“If there’s one thing I hope you take away from this whole session, it’s that being a presidential speechwriter is exactly like you’d think it would be on the West Wing,” grinned Kyle O’Connor, a speechwriter for President Barack Obama, as laughter rippled through the over-capacity crowd for “Translating presidential ideas into words: Speechwriters in the White House.”
O’Connor joined Sarada Peri, another Obama speechwriter, and John McConnell, speechwriter for President George W. Bush, to share anecdotes and lessons-learned from crafting the words that presidents spoke.
“In a weird way, as speechwriters, we are not coming up with the ideas—there are much smarter people in the building who are developing those ideas,” Peri said. “But in a way, I think that these ideas don’t get crystallized until they get litigated on the page.”
McConnell talked about the week following 9/11, when Bush was scheduled to address a joint session of Congress. On the morning of September 17, McConnell and his staff learned that they had to submit a speech draft to Bush by that evening.
Around 1 p.m., they were called into the Oval Office. “‘How’s the drafting going?’” McConnell recalled Bush asking. “‘Fine, but we’re not quite there,’” McConnell remembered someone responding, as the team struggled with direction and structure.
Bush looked at each writer. “‘Americans have questions,’ he said. ‘They want to know who attacked our country. They want to know why they hate us. They want to know what’s expected of us now. They want to know if we’re at war, how we’re going to fight and win the war.’
“And from there,” McConnell said, “we had a structure for the speech itself.”
O’Connor and Peri pointed out how Obama, as a writer himself, “would write the speech better than we would ourselves, if he had the time,” Peri said. She would meet with the president and he’d start talking about what he wanted to say in the speech; then, he would offer up the format—opening, next paragraph, etc.
“It was so irritating as a writer, because you’d been sitting in your office trying to come up with a structure for hours, and you spend ten minutes with him and he has the whole thing down,” Peri said with a smile, as the crowd laughed.
All three panelists cited the busy and divergent day of a president, moving from one event to another, very different event and still another, and how those events influenced speeches.
Peri remembered working on a speech for Obama prior to Pope Francis’s visit; the two had sent the speech back and forth several times over a few days. On the day before the Pope’s visit, Peri was called into the president’s private dining room, where he sat at the table, poring over the speech. He showed Peri that he had added a specific section about refugees; Peri later learned that Obama had been in a meeting about refugees earlier in the day, which influenced the addition.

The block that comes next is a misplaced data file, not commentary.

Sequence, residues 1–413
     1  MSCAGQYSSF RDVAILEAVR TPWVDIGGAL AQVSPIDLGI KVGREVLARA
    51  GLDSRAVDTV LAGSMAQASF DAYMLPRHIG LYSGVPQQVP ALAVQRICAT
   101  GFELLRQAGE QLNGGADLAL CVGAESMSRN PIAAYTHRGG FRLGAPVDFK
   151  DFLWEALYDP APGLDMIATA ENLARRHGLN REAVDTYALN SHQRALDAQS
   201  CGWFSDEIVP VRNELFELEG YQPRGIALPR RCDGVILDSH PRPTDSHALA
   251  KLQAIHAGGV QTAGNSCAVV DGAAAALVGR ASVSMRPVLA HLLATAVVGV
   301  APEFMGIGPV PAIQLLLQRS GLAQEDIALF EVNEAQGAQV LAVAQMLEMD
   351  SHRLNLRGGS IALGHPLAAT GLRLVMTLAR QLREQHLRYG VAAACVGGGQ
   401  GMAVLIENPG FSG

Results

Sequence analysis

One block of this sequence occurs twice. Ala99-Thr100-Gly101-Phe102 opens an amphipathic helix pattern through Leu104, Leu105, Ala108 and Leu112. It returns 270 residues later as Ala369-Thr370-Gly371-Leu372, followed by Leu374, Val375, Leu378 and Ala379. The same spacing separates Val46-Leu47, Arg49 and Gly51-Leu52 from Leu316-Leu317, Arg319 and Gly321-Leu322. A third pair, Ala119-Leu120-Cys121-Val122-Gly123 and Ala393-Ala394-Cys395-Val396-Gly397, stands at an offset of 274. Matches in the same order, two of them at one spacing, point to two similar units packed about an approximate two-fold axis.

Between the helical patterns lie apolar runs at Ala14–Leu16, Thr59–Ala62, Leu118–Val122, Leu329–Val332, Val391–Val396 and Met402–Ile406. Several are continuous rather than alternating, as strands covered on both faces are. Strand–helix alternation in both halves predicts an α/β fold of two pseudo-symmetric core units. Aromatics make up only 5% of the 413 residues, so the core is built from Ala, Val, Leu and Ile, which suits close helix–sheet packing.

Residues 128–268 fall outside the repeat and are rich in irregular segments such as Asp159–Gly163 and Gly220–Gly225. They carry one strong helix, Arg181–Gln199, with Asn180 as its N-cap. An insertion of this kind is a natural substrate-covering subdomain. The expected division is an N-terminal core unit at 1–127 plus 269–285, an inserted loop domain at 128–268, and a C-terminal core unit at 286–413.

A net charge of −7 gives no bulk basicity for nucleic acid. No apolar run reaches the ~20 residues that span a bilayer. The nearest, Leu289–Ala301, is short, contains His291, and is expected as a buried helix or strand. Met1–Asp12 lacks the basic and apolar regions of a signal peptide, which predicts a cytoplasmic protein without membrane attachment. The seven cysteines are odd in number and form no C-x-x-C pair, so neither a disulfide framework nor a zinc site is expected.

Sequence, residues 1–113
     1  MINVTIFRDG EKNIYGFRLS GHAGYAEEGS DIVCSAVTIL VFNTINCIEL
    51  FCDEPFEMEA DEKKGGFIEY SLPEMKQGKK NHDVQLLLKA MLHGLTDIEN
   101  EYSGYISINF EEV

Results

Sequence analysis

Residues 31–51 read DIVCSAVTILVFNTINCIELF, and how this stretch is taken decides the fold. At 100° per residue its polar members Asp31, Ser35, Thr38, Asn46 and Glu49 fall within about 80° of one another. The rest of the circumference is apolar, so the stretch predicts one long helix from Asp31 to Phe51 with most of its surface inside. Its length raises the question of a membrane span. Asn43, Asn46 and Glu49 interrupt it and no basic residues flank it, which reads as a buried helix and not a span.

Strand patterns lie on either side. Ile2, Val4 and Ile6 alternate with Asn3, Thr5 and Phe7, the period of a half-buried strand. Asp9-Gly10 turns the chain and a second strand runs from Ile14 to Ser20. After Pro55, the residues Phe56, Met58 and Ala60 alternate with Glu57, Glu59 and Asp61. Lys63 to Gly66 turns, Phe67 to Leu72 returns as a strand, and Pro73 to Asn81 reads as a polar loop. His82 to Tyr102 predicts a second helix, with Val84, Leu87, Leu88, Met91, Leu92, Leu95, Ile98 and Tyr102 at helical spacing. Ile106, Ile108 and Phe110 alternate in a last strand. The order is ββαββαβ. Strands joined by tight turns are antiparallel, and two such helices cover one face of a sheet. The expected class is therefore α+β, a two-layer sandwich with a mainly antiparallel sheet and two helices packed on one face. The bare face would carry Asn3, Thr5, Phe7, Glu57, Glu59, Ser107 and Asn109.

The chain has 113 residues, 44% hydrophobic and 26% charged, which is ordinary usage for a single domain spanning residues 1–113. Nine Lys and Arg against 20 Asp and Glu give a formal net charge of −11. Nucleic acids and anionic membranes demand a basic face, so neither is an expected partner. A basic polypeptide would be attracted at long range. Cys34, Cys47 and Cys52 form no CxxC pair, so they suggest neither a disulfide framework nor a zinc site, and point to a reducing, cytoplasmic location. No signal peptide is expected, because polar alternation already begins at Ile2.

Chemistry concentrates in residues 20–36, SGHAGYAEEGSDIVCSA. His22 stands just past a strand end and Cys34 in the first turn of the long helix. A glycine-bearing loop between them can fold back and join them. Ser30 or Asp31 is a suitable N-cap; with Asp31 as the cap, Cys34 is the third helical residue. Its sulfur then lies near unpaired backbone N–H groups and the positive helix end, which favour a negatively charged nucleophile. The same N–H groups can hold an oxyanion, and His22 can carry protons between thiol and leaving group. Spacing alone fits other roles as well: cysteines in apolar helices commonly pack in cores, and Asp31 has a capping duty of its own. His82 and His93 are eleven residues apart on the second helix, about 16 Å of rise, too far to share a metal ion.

“What was so interesting about that day was to watch the evolution of his thinking—even though there was so much going on, in those few minutes he had to focus in on this speech, and give it the thinking it needed,” Peri said.
While Bush wasn’t a writer, McConnell said, he was a scrupulous editor. “He could read an eight-page speech draft, throw it down, look at the ceiling and recite to you the outline of the speech,” McConnell said.
McConnell also talked about the importance of authenticity and the contrasting styles of direct messaging through a medium like Twitter versus the back-and-forth between a president and his speechwriting team, where “you are also authentic when you are saying what you want to say in the best way you know how to say it.”
O’Connor and Peri talked of the pressures of “being funny” for the White House Correspondents’ Dinner speech, as well as how Obama’s presidency in particular followed the growth of social media, learning to communicate in a new way. First Lady Michelle Obama, Peri said, was “on the cutting edge of reaching audiences through social media.”
The trio also discussed process: While the Bush speechwriting team passed around paper drafts of each speech among staff in the White House, marking with pen, the Obama teams shared speech files electronically.
“Colin Powell said one time, ‘Everyone likes to grade papers,’” McConnell said, in reference to the preferred methodology at the time. The lead speechwriter’s name and phone number were also written at the bottom of the page, McConnell said, so they could be contacted about it at any time.
All three stressed the importance of learning your audience—before you begin writing.
“The audience is the world for any speech,” Peri said. Just as important, McConnell said, was capturing the president’s style and voice, remembering as you wrote: “This isn’t me talking—it’s him.”